1. Family: Amaranthaceae Juss.
    1. Genus: Amaranthus L.
      1. Amaranthus praetermissus Brenan

        This species is accepted, and its native range is S. Tropical & S. Africa.

    [FZ]

    Amaranthaceae, C. C. Townsend. Flora Zambesiaca 9:1. 1988

    Habit
    Erect annual herb, 15–75 (100) cm. in height, simple or branched from below and sometimes for some way up the stem, quite glabrous, stem and branches more or less sulcate and angled, smooth or minutely papillose when young, upper branches elongate and lax to short and very densely floriferous.
    Leaves
    Leaves glabrous, c.12–60 × 1–10 mm. including the slender petiole, which may be as long as the lamina; lamina linear to narrowly oblanceolate, narrowly elliptic or elliptic-oblong, long-attenuate below into the petiole, at the apex acute to obtuse with a very distinct, pale mucro up to 1.5 (2) mm. long formed by the excurrent nerve.
    Flowers
    Flowers green, in dense axillary clusters c. 3–6 mm. in diam., normally extending well down towards the base of the plant, the clusters approximate above, the superior leaves scarcely reducing, or sometimes so rapidly so that a few upper clusters are leafless; male and female flowers intermixed, the males more numerous in the upper clusters. Female flowers with 4–5 tepals, tepals narrowly oblong to narrowly oblong-lanceolate or more rarely oblanceolate, (1.5) 2–3 mm. long, tapering (rarely more abruptly narrowed) into the erect or spreading, pale or brownish, long mucro which is commonly c. half the length of the lamina. Male flowers with 4 elliptic-ovate tepals 1.5–2 mm. long, pale with a brownish midrib, distinctly mucronate, the mucro very variable in length.
    Bracts
    Bracts and bracteoles pale-membranous with the lamina lanceolate, terminating in an arista (which may be up to as long as the lamina) formed by the percurrent nerve; bracteoles 2–3 mm., slightly more rigid and slightly longer than the bracts.
    Male
    Male flowers with 4 elliptic-ovate tepals 1.5–2 mm. long, pale with a brownish midrib, distinctly mucronate, the mucro very variable in length.
    Female
    Female flowers with 4–5 tepals, tepals narrowly oblong to narrowly oblong-lanceolate or more rarely oblanceolate, (1.5) 2–3 mm. long, tapering (rarely more abruptly narrowed) into the erect or spreading, pale or brownish, long mucro which is commonly c. half the length of the lamina.
    Style
    Styles 3, broad at the base and gradually narrowed above, c. 0.5–0.75 mm. long.
    Fruits
    Capsule ovoid to obpyriform, somewhat shorter than the perianth, circumcissile, convolute-rugose, commonly blackish when dry.
    Seeds
    Seeds shining, compressed, lenticular, c. 1 mm. in diam., only very faintly patterned centrally, more distinctly reticulate over a wide margin.

    Images

    Distribution

    Native to:

    Angola, Botswana, Cape Provinces, Free State, Namibia, Northern Provinces, Zimbabwe

    Amaranthus praetermissus Brenan appears in other Kew resources:

    Date Reference Identified As Barcode Type Status
    Brenan, J. P. M. [14143], South Africa K000195015 holotype

    First published in J. S. African Bot. 47: 478 (1981)

    Accepted by

    • Bayón, N.D. (2015). Revisión taxonómica de las especies monoicas de Amaranthus (Amaranthaceae): Amaranthus subg. Amaranthus y Amaranthus subg. Albersia Annals from the Missouri Botanical Garden 101: 261-383. MBG press.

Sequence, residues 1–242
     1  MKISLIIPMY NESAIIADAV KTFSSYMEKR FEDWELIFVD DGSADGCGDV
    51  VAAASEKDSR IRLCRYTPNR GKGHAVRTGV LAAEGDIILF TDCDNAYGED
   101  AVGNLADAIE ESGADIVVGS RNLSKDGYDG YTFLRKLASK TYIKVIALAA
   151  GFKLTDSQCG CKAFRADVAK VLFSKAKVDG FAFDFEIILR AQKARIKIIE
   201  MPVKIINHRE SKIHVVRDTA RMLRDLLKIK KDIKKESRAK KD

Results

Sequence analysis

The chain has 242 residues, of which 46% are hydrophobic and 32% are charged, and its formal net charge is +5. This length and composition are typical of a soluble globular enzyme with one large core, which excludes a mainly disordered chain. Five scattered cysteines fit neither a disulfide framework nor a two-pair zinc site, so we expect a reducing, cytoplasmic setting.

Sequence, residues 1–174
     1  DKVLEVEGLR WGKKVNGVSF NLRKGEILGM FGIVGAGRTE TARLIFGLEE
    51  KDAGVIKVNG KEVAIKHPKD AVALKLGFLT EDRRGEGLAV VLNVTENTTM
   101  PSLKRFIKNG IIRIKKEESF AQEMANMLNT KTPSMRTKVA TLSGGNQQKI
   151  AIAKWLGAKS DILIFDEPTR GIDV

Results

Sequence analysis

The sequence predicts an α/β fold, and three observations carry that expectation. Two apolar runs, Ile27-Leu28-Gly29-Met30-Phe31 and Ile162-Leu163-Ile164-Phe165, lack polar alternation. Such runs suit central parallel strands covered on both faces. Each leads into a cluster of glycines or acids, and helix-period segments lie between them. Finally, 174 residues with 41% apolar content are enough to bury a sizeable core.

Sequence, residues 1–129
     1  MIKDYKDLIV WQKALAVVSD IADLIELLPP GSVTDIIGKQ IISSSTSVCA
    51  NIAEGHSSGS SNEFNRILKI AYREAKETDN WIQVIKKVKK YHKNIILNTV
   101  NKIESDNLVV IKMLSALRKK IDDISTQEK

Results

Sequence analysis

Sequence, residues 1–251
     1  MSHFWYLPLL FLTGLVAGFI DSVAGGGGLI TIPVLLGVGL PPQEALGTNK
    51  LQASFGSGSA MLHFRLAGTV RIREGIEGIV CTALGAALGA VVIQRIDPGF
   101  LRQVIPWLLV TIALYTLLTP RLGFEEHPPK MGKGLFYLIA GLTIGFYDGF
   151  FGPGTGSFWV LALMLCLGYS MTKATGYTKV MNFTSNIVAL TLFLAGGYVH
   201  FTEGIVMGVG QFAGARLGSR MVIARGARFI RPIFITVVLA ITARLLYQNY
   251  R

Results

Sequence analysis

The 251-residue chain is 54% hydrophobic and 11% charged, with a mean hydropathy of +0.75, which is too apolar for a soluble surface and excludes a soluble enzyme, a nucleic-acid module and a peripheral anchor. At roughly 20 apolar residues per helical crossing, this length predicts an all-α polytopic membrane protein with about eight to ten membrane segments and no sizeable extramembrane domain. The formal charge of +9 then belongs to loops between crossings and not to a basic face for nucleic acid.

• Figueiredo, E. & Smith, G.F. (2008). Plants of Angola Strelitzia 22: 1-279. National Botanical Institute, Pretoria.
    • Germishuizen, G. & Meyer, N.L. (eds.) (2003). Plants of Southern Africa an annotated checklist Strelitzia 14: 1-1231. National Botanical Institute, Pretoria.
    • Govaerts, R. (1995). World Checklist of Seed Plants 1(1, 2): 1-483, 529. MIM, Deurne.
    • Launert, E. (ed.) (1988). Flora Zambesiaca 9(1): 1-179. Royal Botanic Gardens, Kew.

    Literature

    Kew Backbone Distributions
    • Germishuizen, G. & Meyer, N.L. (eds.) (2003). Plants of Southern Africa an annotated checklist Strelitzia 14: 1-1231. National Botanical Institute, Pretoria.

    Sources

    Flora Zambesiaca
    Flora Zambesiaca
    http://creativecommons.org/licenses/by-nc-sa/3.0

    Herbarium Catalogue Specimens
    'The Herbarium Catalogue, Royal Botanic Gardens, Kew. Published on the Internet http://www.kew.org/herbcat [accessed on Day Month Year]'. Please enter the date on which you consulted the system.
    Digital Image © Board of Trustees, RBG Kew http://creativecommons.org/licenses/by/3.0/

    Kew Backbone Distributions
    The International Plant Names Index and World Checklist of Selected Plant Families 2019. Published on the Internet at http://www.ipni.org and http://apps.kew.org/wcsp/
    © Copyright 2017 World Checklist of Selected Plant Families. http://creativecommons.org/licenses/by/3.0

    Kew Names and Taxonomic Backbone
    The International Plant Names Index and World Checklist of Selected Plant Families 2019. Published on the Internet at http://www.ipni.org and http://apps.kew.org/wcsp/
    © Copyright 2017 International Plant Names Index and World Checklist of Selected Plant Families. http://creativecommons.org/licenses/by/3.0

    Plants and People Africa
    Common Names from Plants and People Africa http://www.plantsandpeopleafrica.com/
    © Plants and People Africa http://www.plantsandpeopleafrica.com http://creativecommons.org/licenses/by/3.0/